Inga Burrows utilises the filmmaker's tools to firstly document then to interpret narratives of everyday existence. Interested in how place, memory and community can shape a nuanced sense of self, her practice involves the imagination of others. She has undertaken a number of participatory productions, including collaborations with individuals attached to educational and care institutions in inner city Manchester, a theatre company and reading group in Pontypridd, and more recently a community of market stallholders in Cardiff.
Characteristic of this body of work is an aesthetic concern for how the conventions of documentary and drama production can be appropriated effectively within a gallery context. For example, for Times of our lives Inga populated a lecture theatre with TV monitors displaying talking heads, reversing the performance dynamics that operate in such a formal setting. More recently video works produced as the result of a residency in Cardiff's historic Market Hall were presented in an exhibition space close to the residency site. This created a dialogue between the actual location and the moving image artefacts produced in the Market Hall, and a playful interaction with the collaborating stall holders who were otherwise preoccupied with running their stalls.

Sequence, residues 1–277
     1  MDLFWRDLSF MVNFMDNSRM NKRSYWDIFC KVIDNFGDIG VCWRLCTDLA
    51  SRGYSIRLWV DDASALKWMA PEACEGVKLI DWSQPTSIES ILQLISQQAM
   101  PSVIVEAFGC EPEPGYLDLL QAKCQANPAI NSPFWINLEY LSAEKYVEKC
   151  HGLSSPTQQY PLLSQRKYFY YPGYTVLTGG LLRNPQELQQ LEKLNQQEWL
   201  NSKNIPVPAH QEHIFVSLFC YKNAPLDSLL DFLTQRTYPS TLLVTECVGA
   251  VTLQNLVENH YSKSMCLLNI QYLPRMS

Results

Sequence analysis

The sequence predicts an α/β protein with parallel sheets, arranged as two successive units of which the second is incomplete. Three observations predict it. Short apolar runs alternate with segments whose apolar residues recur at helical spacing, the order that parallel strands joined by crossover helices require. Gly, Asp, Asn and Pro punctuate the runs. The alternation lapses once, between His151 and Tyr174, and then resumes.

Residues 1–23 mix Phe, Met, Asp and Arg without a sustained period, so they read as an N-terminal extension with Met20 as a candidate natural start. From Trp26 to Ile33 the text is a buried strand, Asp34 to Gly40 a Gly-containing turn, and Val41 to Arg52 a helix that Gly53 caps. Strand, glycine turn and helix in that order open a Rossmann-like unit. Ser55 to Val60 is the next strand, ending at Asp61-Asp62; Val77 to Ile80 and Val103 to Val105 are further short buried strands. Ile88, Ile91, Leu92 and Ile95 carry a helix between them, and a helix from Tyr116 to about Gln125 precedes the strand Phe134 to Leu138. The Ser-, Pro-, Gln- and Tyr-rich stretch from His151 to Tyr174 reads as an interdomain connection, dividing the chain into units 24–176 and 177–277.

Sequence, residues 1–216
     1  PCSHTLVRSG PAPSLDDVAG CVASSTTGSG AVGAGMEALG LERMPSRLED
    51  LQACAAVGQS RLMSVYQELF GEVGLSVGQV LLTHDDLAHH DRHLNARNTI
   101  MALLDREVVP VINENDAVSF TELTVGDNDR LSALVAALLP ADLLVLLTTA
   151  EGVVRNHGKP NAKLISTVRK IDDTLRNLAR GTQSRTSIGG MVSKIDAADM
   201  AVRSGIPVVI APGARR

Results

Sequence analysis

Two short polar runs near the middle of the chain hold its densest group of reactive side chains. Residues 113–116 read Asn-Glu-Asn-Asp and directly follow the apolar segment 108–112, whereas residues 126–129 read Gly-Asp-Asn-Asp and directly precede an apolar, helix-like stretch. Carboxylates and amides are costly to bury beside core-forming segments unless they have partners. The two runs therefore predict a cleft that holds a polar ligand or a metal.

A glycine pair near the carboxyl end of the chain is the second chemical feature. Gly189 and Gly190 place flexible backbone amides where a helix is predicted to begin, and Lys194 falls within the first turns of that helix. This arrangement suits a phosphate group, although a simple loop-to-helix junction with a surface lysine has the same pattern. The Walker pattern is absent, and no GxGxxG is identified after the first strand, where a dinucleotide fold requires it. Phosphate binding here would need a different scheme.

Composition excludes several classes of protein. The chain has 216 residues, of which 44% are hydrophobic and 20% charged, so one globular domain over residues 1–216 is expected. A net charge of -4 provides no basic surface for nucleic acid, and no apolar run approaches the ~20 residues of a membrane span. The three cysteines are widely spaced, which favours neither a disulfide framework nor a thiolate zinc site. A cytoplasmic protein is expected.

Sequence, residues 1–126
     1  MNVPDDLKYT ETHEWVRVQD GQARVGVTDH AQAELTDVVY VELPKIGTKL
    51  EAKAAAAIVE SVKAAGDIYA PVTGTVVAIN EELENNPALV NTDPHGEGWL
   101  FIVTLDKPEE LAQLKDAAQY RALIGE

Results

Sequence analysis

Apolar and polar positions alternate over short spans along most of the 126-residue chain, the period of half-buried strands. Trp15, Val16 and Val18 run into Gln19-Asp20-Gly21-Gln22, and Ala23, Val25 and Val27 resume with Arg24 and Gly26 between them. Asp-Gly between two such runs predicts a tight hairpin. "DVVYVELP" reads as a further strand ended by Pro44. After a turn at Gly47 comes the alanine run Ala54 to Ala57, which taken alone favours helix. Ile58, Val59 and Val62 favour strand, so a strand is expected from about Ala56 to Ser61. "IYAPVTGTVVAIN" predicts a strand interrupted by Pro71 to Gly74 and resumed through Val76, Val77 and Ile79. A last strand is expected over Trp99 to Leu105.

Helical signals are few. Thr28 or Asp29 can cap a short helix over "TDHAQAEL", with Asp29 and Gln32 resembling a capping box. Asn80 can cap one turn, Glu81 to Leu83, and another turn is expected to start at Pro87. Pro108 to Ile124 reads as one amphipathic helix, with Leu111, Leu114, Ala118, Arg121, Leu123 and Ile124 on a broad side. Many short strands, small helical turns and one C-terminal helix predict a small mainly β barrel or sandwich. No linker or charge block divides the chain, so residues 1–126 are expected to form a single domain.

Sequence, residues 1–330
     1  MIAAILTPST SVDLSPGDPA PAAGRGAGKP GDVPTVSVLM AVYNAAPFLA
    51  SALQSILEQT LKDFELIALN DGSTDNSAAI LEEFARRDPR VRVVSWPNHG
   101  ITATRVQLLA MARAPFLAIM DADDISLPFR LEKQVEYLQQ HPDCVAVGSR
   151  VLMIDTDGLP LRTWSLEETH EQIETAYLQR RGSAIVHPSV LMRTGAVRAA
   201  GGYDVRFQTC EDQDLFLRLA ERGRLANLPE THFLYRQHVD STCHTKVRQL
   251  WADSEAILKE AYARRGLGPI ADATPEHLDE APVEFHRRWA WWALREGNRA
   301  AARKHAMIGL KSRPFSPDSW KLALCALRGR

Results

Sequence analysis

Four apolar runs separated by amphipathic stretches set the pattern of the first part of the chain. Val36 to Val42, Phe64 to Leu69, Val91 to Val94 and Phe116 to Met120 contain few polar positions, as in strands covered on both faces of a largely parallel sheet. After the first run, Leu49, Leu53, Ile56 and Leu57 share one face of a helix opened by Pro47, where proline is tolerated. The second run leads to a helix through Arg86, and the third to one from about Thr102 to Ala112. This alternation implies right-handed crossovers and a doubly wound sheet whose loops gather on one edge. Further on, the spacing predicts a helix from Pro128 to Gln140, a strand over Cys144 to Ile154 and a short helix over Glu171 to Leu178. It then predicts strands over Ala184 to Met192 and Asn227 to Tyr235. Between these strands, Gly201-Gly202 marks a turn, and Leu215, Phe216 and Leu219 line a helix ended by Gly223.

Most recently, during her residency at the production studios of Pobol y Cwm Inga has been able to further develop methodologies for participatory practice, working with fictional characters, who are not afraid to react. The artist's intertwined thematic and aesthetic investigations are underpinned by a conscious commitment to eradicating the term 'ordinary people' from the English language.
Inga Burrows studied at the Royal College of Art (MA Printmaking) and the National Film and Television School (specialism: Directing). She has received several grants and awards for her practice and has been commissioned by The National Dance Company Wales, Cardiff Council, Whitworth Art Gallery and Amnesty International. Her writings on documentary filmmaking and artists’ films have been published widely and she has delivered several conference papers on topics ranging from memory to the Everyday. She is currently Senior Lecturer in Arts and Media, University of South Wales.